More shots fired in the fight over “open skies” and the rise of the aviation giants of the Persian Gulf.
Tony Avelar / AP Images for Emirates
Let’s get ready to rumble. Emirates airline president Tim Clark spoke with The National about the big three U.S. airlines that are calling for restrictions on Persian Gulf–based carriers offering international flights to U.S. customers:
“What they should focus on is the appalling state of the US domestic market. It’s happened because the big three were allowed to absorb the rest of the industry…
“And they were blind to standards in their own market as well. Have you been on a US domestic flight? It’s like travelling with a low-cost bus company. The terminals are full of frightened people sitting on the floors because they’ve no facilities, being shouted at by airline agents and cabin crew who are stressed themselves because of the working conditions.
“No wonder that the three airlines accusing us figure regularly in the list of the most-hated companies in America.”
Those are some fighting words, but they don’t come out of the blue. For years now, U.S. and European airlines have complained that the market for international flights has been unfairly conquered by the likes of Emirates, Dubai’s state-owned carrier.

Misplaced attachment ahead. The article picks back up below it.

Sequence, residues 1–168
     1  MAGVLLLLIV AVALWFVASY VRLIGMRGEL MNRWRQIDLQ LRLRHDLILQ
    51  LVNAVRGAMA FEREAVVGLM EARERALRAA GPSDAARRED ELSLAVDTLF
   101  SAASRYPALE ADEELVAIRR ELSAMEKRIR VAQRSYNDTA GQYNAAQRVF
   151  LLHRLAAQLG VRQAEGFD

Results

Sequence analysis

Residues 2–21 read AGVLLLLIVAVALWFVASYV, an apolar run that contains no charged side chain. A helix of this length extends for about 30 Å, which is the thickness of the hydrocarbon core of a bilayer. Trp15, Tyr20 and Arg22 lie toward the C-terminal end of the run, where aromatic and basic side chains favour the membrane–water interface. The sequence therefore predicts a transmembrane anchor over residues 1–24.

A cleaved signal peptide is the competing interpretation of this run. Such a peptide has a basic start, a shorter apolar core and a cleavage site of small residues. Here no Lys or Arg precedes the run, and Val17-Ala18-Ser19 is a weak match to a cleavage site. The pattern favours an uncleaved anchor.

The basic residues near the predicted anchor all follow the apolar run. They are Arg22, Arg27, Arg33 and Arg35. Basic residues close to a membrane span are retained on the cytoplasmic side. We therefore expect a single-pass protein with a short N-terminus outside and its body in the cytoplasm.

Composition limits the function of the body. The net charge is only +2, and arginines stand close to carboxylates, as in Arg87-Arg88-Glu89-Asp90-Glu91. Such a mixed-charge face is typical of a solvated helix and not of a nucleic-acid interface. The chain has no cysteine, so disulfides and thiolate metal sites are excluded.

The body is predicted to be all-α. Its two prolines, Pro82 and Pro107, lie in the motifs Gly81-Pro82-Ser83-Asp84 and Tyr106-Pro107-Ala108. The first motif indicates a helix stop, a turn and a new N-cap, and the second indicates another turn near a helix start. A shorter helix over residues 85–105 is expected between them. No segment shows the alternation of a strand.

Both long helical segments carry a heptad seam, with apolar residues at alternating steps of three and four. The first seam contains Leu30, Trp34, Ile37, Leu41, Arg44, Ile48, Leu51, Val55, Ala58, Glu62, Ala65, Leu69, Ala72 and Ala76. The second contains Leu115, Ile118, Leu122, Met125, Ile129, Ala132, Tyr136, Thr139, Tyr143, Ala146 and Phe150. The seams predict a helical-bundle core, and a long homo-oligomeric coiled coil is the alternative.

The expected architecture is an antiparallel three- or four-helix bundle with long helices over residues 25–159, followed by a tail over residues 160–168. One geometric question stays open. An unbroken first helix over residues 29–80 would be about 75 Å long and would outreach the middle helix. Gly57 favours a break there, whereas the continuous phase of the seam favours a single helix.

Emirates is now the world’s largest international airline, although just 15 years ago, it was ranked No. 24). Along with Abu Dhabi’s Etihad Airways, and Qatar Airlines, it has shaken up global aviation, particularly in the fast-growing market for flights to and from Asia.
U.S. and European airlines have claimed the Gulf carriers, which are all owned by their governments, get unfair subsidies, access to cheap fuel, and a free ride on labor, human rights, and other standards that draw close scrutiny in the West. In March, a group of U.S. unions wrote an open letter criticizing routine discrimination against women and the LGBT community by the Persian Gulf airlines and their government owners.
In February, the CEOs of American Airlines, United, and Delta said in a joint interview with the Wall Street Journal that the three Gulf airlines have received more than $42 billion in subsidies since 2004. They “are not normal airlines,” United CEO Jeff Smisek said in the interview. “They’re arms of the state.”